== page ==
New Jersey will close its only prison for women after years of documented physical and sexual abuses of inmates by guards.
Gov. Phil Murphy announced in a press release Monday his intention to close the Edna Mahan Correctional Facility for Women and move its nearly 400 inmates to a new facility or other existing facilities.
"Edna Mahan Correctional Facility for Women has a long history of abusive incidents predating our Administration, and we must now commit ourselves to completely breaking this pattern of misconduct to better serve incarcerated women entrusted to the State's care," the Democratic governor said in a statement.
The move came on the same day that the governor's office released its findings into reports of brutal cell extractions that occurred inside the prison on January 11, first reported by NJ Advance Media, which left women prisoners with injuries ranging from scratches to a fractured eye socket.
The administration's report, written by the law firm Lowenstein Sandler LLP, found that prison staff used excessive force to remove the women from their cells and then filed false reports about what had occurred.
The New Jersey Attorney General's Office has now charged 10 corrections officers with official misconduct and other crimes in the ongoing criminal inquiry into the January 11 incident.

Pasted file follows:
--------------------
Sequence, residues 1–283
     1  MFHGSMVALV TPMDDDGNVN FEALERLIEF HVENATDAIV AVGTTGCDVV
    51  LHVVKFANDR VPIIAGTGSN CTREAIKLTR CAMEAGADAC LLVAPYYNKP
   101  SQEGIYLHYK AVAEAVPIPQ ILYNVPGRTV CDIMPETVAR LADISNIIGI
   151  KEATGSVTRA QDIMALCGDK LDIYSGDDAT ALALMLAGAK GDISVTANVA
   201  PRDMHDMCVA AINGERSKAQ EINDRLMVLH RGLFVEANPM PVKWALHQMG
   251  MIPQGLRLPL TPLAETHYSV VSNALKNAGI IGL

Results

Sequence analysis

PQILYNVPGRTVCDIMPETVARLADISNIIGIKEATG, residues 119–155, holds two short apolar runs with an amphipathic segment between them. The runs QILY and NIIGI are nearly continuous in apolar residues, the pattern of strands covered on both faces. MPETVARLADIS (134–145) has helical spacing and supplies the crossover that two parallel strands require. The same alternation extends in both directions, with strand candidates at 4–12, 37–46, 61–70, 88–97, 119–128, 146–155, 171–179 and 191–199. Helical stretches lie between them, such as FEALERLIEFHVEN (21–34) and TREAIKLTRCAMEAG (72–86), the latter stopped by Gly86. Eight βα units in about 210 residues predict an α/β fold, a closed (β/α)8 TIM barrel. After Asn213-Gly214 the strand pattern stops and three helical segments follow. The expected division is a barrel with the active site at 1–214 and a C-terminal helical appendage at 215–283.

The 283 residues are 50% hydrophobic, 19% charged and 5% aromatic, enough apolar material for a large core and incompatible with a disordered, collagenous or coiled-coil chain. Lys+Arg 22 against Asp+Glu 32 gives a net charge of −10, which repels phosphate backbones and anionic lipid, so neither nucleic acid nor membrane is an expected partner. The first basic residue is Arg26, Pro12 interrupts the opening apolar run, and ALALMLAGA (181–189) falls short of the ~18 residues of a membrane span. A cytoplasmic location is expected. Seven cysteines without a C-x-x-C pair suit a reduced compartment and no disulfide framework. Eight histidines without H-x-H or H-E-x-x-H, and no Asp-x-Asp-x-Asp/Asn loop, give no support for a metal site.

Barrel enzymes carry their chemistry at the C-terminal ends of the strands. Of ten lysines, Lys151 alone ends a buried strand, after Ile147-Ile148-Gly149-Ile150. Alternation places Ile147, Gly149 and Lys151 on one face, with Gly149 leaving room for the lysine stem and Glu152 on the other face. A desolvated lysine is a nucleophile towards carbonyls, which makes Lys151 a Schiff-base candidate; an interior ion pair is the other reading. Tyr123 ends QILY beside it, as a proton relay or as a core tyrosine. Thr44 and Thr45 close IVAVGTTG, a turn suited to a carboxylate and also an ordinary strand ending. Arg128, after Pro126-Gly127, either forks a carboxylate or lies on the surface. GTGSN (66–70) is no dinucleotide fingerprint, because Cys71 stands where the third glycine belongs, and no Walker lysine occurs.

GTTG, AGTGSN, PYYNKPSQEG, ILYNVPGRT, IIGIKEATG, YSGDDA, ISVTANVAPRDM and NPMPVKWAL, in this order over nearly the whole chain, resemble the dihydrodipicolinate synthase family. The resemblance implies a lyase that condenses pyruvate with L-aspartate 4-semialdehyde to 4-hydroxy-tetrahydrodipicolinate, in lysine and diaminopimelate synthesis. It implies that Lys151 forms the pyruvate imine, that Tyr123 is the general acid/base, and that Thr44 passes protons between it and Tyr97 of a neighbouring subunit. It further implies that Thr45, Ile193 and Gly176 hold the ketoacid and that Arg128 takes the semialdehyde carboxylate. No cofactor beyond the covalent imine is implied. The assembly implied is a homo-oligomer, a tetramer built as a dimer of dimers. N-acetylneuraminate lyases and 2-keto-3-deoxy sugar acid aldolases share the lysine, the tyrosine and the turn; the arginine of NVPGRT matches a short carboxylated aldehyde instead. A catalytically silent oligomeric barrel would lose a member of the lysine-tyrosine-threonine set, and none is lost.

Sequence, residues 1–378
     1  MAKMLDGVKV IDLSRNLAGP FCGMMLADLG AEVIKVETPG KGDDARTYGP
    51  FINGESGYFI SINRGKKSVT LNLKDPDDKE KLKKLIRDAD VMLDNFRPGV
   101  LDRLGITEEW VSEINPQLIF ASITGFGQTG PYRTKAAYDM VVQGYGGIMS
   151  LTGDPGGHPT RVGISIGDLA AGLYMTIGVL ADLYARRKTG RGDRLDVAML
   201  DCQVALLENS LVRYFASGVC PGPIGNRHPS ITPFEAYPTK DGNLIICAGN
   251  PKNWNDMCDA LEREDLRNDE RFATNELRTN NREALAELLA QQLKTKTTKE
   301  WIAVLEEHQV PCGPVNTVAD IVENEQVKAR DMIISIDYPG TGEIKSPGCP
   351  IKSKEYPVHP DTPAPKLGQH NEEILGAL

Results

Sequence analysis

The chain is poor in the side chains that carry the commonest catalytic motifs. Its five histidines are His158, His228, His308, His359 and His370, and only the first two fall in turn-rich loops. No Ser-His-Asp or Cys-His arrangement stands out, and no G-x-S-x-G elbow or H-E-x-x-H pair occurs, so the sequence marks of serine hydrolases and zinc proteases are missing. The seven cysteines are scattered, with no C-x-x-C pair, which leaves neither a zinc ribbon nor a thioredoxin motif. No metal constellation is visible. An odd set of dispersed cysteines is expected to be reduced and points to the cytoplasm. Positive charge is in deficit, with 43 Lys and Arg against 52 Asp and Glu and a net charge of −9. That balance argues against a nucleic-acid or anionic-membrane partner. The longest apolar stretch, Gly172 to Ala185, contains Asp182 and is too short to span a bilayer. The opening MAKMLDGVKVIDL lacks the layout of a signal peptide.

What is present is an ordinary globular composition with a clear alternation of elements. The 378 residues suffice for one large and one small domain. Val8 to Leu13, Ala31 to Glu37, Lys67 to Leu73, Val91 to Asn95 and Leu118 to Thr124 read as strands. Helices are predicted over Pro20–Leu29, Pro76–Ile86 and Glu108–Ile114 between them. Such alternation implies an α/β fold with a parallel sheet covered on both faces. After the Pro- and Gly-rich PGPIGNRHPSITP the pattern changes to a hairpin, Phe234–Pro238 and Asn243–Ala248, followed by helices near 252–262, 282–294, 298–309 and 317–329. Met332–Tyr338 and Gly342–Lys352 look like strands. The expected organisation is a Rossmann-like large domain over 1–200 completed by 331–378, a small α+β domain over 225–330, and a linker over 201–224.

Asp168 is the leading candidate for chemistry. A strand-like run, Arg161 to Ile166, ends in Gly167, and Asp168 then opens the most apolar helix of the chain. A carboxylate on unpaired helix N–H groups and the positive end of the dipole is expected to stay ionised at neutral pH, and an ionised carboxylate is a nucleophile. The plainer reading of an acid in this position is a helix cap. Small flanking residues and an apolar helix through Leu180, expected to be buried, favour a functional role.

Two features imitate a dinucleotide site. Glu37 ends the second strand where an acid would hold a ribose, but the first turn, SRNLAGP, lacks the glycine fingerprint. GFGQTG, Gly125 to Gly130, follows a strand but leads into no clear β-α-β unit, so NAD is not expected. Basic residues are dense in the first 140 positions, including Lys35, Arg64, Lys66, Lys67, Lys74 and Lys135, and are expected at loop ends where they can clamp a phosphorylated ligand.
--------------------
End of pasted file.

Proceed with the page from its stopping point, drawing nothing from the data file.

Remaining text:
Calls for a change in culture
Nafeesah A. Goldsmith, chair of New Jersey Prison Justice Watch, said she did not oppose the closure of Edna Mahan, but suggested simply moving inmates to another facility would not put an end to the abuse of female prisoners.
"You've got to change the culture," she said. "Not a change of scenery."
Goldsmith, who was incarcerated at Edna Mahan for nearly 13 years before being released in 2017, also called for better training of corrections officers and more independent oversight of the prison system.
In 2020, federal investigators concluded that sexual abuse was systemic at Edna Mahan, and in April state Corrections Commissioner Marcus Hicks announced that New Jersey was finalizing a consent decree with the Justice Department that would likely include federal monitors at the prison.
The N.J. Department of Corrections also announced earlier this year that it agreed to pay nearly $21 million to settle 22 civil lawsuits against the state over allegations of sexual abuse and harassment at the troubled correctional facility.
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